Pass rush: Surprising initial quickness off the snap. Wide-bodied frame makes it difficult for him to split gaps, but shows a burst when he has a lane. Developing swim move. Relies mostly on a simple bull rush at this point, which is quite effective in collapsing the pocket. Only phone booth quickness. Gives good effort in chasing down the quarterback, but tires quickly.

Run defense: Strong, stout interior presence who often requires double-team blocks to keep him from clogging running lanes. Short, thick legs and thick trunk which aid him in anchoring. Inconsistent in his effort pursuing laterally and downfield, but surprises opponents with his quickness for such a large man. Short arms could lead to problems against NFL-caliber offensive linemen with longer arms able to get into his chest …

Explosion: Flashes an explosive initial burst off the snap to split gaps, especially when guards vacate the hole to pull. Has the upper body strength to rock his opponent back onto his heels. Quicker and more athletic than his body would lead you to believe, flashing startling explosiveness as a tackler when he gains momentum.

Strength: Powerful man who often requires double-teams. Excellent strength in his upper and lower, though his short limbs limit his effectiveness, at times. Relies heavily on his bull rush to pressure the quarterback. Often is at his most effective as a run-stuffer by simply creating a pile in the middle due to his ability to anchor.

Tackling: Makes most of his tackles by simpyl bludgeoning the ball-carrier. Lacks the quick-twitch muscles and lateral agility to break down in space, but has such great strength that he often is able to grab the ball-carrier with one arm, slow his momentum and grab on with his other arm to pull the ball-carrier to the ground. Inconsistent effort in pursuit, but generates impressive momentum when he's moving at full-speed and can rock the ball-carrier with an explosive hit.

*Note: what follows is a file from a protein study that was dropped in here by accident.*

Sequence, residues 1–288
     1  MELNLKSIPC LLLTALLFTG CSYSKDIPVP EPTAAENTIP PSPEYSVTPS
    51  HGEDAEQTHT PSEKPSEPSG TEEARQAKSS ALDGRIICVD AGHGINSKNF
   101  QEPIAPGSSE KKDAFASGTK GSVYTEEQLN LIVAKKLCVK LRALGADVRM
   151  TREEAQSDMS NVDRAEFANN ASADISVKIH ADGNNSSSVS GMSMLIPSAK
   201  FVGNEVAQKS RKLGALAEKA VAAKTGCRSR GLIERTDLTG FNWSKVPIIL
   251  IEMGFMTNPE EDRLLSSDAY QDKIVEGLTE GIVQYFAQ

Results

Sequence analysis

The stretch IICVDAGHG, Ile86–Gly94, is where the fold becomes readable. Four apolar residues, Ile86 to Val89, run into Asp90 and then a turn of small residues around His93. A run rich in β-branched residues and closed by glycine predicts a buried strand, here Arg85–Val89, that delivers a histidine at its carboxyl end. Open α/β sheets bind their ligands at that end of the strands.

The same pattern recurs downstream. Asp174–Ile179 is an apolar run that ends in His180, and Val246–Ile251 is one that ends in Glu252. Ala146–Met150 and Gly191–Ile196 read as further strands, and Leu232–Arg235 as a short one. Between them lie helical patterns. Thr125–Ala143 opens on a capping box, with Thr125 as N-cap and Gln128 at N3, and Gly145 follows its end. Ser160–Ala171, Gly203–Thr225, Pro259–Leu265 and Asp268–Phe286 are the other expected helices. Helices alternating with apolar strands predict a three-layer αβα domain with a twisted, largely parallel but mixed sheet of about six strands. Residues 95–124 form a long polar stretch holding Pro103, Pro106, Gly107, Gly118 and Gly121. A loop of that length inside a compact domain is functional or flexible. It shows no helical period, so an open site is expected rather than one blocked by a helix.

Intangibles: Struggled with his weight early in his career. Has weighed as much as 390 pounds and played at 360, at times. Committed himself to extra conditioning and taking rice -- a staple of the Samoan culture -- out of his diet. He weighed in at 337 pounds for the 2011 Holiday Bowl. Suffered a broken foot during his senior year of high school.

NFL Comparison: Terrance Cody - Baltimore Ravens

Round 5, Pick 22: Travis Lewis, OLB, 6-1 246

Analysis:

Read & React: Combines very good instincts with above-average reaction skills. Almost always finds the ball in traffic. Greet feel in coverage, sees quarterback and receiver, jumps routes to prevent completion, or at least stop yards after the catch. One-man wrecking crew against screens because he sniffs them out and has the quickness to grab the receiver.

Run defense: Tougher between the tackles than many expect. Gap-shooter that grabs backs before they get through the line, also willing to throw his body into the hole to create piles and stands up to blocks to stay in the play. Feels pulling lineman coming, capable of punching to stay clean or take the outside shoulder to keep runners from bouncing to the sideline. Lacks strength to blow up fullbacks and bulk/length to prevent getting engulfed by better lineman at the second level.

Pass defense: Fluid and quick drop into zone, covers enough ground to be Tampa-Two mike and knows where the markers are. Often arrives at the receiver at the same time as the ball, gives up few yards after the catch. Possesses straight-line speed stay with or chase down receivers in man. Creates turnovers with quick reaction time to bring in tipped balls, closes on balls over the middle or baits quarterbacks intro throwing his directions if they do not seeing his deep drop. Loses size battle to many tight ends, easily pushed away on out routes. Caught looking into backfield occasionally instead of getting to receiver in the flat. Tries to cradle throws at times instead of snatching them, resulting in dropped interceptions.